Getting back

The Olympics may have concluded this past week, but September is the month for government triathletes returning from August vacations. There's the race to get supplies for kids going back to school, the uphill climb to finish year-end reports and the dive into new fiscal year program plans.

Getting back in the groove at the office can be stressful. Although it's not always possible to ease back into the job, anticipation and preparation are critical to readjusting, said.

Anne Kelly, chief executive officer and director of the Federal Consulting Group, a franchise of the Treasury Department.

"The first day back from vacation can be a nightmare," Kelly said. "Managing yourself is a component of managing overload."

Her tips are to develop a mind-set and, as you drive to the office, mentally prepare yourself for what lies ahead. Have a plan to get control of the situation. For example, begin by checking voice messages then e-mails, return important calls and then approach first tasks.

Taking time off to refresh is important. And taking care of yourself when returning is important, too. If you begin to feel overwhelmed, take a break.

"There are things managers can do to help, too." said Kathie Lingle, director of the Alliance for Work-Life Progress, an association of public- and private-sector work life professionals. "Not scheduling meetings with people on the first day back and not sending e-mails to them lets people get a grip before the real world starts crashing in."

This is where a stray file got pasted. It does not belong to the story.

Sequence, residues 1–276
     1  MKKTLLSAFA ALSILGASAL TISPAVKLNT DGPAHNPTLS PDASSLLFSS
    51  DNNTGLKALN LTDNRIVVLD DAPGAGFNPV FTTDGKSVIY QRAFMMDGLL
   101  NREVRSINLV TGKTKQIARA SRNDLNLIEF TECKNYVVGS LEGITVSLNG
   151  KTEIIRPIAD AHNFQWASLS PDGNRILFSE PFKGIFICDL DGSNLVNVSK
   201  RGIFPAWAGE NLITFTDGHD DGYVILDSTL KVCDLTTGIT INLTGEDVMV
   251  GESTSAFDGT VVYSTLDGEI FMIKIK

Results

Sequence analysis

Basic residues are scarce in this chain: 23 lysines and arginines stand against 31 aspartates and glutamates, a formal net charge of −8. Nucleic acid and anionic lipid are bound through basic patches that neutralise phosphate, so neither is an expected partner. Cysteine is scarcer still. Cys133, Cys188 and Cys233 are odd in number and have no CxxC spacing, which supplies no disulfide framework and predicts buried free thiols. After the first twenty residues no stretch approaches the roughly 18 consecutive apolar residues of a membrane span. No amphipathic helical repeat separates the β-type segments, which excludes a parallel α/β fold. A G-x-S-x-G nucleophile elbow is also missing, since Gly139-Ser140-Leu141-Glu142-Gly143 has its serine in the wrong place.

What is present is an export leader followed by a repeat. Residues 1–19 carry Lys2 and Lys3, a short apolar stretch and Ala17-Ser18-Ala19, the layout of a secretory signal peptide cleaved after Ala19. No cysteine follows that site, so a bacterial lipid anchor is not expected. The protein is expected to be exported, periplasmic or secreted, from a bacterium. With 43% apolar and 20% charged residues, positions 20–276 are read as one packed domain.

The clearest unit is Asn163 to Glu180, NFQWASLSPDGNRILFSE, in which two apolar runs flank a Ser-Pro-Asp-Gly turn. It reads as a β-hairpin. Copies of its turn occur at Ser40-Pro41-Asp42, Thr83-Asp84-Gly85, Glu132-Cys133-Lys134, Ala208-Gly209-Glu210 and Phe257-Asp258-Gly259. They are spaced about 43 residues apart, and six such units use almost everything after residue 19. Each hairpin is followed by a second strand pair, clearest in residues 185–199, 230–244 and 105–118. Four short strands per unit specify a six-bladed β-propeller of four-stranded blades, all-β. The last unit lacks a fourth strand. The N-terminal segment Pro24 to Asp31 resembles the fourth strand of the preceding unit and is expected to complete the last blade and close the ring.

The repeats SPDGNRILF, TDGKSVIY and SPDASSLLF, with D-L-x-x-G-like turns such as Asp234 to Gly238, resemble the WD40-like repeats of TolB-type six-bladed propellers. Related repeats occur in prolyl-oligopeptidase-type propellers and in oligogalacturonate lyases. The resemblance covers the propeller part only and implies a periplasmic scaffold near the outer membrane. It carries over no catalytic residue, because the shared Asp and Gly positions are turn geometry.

But not all stress is bad, Lingle adds. Stress can help a person turn the edge on a tough assignment. "What is demolishing is the feeling of lack of control," she said. "People who have a sense of control have a sense of empowerment at work."

Teleworking, Lingle said, is one way people can feel in control. "Telework is a way to undo stress at its root."

And it's not only what you do but what you don't do that can help. For example, avoid excess: eating, drinking or doing anything too much. Maybe for government triathletes the start of a new fiscal year is a good time for federal New Year's resolutions — personal ones, not just programmatic. If you have ideas on how to relieve stress, send me an e-mail so I can share your tips with other readers.

Get life insurance

During September, you can enroll, increase or change your current coverage for Federal Employees Group Life Insurance without having a physical or answering any questions about your health. However, federal retirees cannot participate in the insurance plan. Use an interactive worksheet to estimate life insurance needs and a calculator to price coverage at


Telecommuting, or the lack thereof, is on readers' minds. One wrote that telework is not allowed in some regional offices such as the Agriculture Department's office in Fort Collins, Colo. Another said officials at the Centers for Medicaid and Medicare Services have recently limited telecommuting to one day a week.

Welles is a retired federal employee who has also worked in the private sector. She lives in Bethesda, Md., and writes about work life topics for Federal Computer Week.

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